Effects of Load Level, Core Density, and Shelling Ratio on Creep Behavior of Hardboard Composites

Poo Chow, Richard Craig Hanson


Sustained load bending tests were conducted on large size 3/4-inch-thick, 12-by 39-inch red oak veneered-hardboard composites, hardboards, and red oak lumber. A greater initial elastic deflection generally resulted in a greater total creep and irrecoverable creep deflections. Creep deflections of all composite panels were affected by the load level, core density, and shelling ratio in this study. The red oak lumber exhibited the most creep resistance. However, the composite panel with a shelling ratio of 0.262 was nearly as resistant to creep as red oak lumber. Creep deflections of all composite panels were very well described by a power-law function, based on two separate test models of 2 to 10 min and 10 to 100 min. The extrapolation of log-log regression for the approximation of creep appeared to give reasonable values for up to three weeks. Three multivariable regression models were developed to predict the initial, total, and irrecoverable creep deflections as a function of shelling ratio, load level, and hardboard core density. Their R2 values were 0.96, 0.87, and 0.85, respectively.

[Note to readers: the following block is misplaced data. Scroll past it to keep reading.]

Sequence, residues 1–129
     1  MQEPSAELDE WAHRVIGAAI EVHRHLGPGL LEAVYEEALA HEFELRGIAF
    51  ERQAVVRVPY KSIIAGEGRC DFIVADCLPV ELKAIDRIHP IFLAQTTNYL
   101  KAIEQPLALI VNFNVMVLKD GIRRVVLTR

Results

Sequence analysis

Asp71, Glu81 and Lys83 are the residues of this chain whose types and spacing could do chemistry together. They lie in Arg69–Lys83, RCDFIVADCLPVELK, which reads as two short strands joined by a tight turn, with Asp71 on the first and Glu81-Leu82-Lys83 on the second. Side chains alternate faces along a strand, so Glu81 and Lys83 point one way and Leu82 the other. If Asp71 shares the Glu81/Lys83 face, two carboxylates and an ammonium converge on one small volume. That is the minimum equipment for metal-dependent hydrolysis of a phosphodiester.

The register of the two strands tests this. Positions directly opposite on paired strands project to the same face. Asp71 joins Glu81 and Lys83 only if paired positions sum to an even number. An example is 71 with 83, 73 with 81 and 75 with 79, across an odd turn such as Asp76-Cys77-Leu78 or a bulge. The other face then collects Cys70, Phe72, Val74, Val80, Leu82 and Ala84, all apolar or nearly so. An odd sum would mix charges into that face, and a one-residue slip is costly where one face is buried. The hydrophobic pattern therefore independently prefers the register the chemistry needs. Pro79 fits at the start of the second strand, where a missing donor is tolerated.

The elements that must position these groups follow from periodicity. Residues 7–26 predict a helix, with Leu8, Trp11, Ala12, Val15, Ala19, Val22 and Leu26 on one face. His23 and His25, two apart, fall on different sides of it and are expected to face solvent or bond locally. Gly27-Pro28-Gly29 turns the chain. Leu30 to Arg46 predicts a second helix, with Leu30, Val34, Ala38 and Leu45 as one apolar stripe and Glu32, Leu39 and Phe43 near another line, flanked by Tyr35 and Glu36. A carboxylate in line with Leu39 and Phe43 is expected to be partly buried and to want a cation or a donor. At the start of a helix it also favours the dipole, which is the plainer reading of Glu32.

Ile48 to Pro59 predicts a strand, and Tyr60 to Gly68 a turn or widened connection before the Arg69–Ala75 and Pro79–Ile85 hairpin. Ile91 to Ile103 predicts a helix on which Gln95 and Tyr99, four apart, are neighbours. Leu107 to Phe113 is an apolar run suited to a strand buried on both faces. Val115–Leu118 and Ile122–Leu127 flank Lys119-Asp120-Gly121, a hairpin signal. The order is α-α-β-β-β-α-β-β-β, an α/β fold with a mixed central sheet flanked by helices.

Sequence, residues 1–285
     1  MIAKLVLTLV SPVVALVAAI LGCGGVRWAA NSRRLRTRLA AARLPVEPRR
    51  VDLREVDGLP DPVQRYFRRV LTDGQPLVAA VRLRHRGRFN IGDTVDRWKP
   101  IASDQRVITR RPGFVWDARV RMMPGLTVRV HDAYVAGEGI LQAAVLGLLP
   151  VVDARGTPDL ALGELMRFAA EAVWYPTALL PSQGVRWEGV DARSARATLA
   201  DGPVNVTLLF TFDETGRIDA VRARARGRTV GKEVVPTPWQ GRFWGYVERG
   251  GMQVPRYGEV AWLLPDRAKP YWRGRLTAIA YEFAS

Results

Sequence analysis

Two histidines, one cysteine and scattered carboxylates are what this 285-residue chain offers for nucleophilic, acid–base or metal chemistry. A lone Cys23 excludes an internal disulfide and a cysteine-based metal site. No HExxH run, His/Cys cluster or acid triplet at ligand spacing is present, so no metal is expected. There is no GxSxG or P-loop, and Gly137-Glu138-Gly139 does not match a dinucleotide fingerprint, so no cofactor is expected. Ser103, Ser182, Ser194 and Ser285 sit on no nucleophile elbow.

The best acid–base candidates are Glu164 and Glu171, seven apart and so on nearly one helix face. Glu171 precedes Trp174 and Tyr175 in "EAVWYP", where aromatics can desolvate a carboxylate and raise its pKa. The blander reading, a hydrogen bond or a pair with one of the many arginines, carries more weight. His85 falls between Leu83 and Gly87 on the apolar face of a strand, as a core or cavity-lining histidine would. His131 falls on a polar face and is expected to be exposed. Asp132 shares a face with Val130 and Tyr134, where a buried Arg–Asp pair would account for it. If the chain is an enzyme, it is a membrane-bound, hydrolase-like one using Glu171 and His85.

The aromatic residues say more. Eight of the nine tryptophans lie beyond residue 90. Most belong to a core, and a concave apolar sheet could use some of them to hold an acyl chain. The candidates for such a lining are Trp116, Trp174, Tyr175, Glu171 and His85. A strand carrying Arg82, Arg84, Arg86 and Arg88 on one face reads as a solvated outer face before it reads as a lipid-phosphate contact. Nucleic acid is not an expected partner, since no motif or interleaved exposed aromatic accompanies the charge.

Quercus spp.;rheology;creep deflection;irrecoverable creep deflection;sustained load level;hardboard;core density;shelling ratio;veneer thickness;composite panel;wood-base materials

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